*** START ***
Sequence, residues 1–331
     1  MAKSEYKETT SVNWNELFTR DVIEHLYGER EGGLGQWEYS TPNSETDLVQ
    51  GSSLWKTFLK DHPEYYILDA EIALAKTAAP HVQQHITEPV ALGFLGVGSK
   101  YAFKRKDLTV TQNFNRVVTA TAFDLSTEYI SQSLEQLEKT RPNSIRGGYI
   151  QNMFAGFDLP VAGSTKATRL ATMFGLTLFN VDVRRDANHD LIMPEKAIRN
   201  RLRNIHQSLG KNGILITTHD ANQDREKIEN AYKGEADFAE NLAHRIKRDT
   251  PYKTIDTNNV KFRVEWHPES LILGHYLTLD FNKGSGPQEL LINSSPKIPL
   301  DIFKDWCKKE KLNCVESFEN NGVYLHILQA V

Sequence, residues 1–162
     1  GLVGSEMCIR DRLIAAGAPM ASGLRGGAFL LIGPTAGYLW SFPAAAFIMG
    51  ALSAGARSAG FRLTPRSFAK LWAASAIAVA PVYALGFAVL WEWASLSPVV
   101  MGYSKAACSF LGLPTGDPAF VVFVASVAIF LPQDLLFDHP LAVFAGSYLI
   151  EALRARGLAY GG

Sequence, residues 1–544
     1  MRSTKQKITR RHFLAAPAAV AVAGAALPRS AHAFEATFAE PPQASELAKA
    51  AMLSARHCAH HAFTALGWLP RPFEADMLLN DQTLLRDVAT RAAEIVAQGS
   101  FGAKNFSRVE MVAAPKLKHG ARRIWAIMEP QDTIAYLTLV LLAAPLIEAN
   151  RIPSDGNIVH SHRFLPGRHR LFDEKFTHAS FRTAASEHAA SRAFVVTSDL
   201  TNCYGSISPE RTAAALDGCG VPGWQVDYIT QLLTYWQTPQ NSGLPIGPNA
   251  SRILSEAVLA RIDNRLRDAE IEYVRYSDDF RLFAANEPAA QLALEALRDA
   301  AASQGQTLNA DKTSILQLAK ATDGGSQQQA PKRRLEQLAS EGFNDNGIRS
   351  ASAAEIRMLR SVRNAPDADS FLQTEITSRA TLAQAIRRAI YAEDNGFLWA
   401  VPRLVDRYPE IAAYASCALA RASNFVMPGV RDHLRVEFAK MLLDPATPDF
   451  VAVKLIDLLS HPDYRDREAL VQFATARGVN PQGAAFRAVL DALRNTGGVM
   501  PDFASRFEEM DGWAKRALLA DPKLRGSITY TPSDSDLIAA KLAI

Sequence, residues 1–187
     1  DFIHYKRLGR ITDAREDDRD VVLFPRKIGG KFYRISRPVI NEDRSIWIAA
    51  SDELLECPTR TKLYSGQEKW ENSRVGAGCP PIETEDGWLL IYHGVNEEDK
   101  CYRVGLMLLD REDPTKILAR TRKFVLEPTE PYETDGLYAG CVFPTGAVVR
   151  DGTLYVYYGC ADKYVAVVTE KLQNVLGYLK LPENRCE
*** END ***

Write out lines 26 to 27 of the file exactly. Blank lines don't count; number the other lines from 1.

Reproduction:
Sequence, residues 1–187
     1  DFIHYKRLGR ITDAREDDRD VVLFPRKIGG KFYRISRPVI NEDRSIWIAA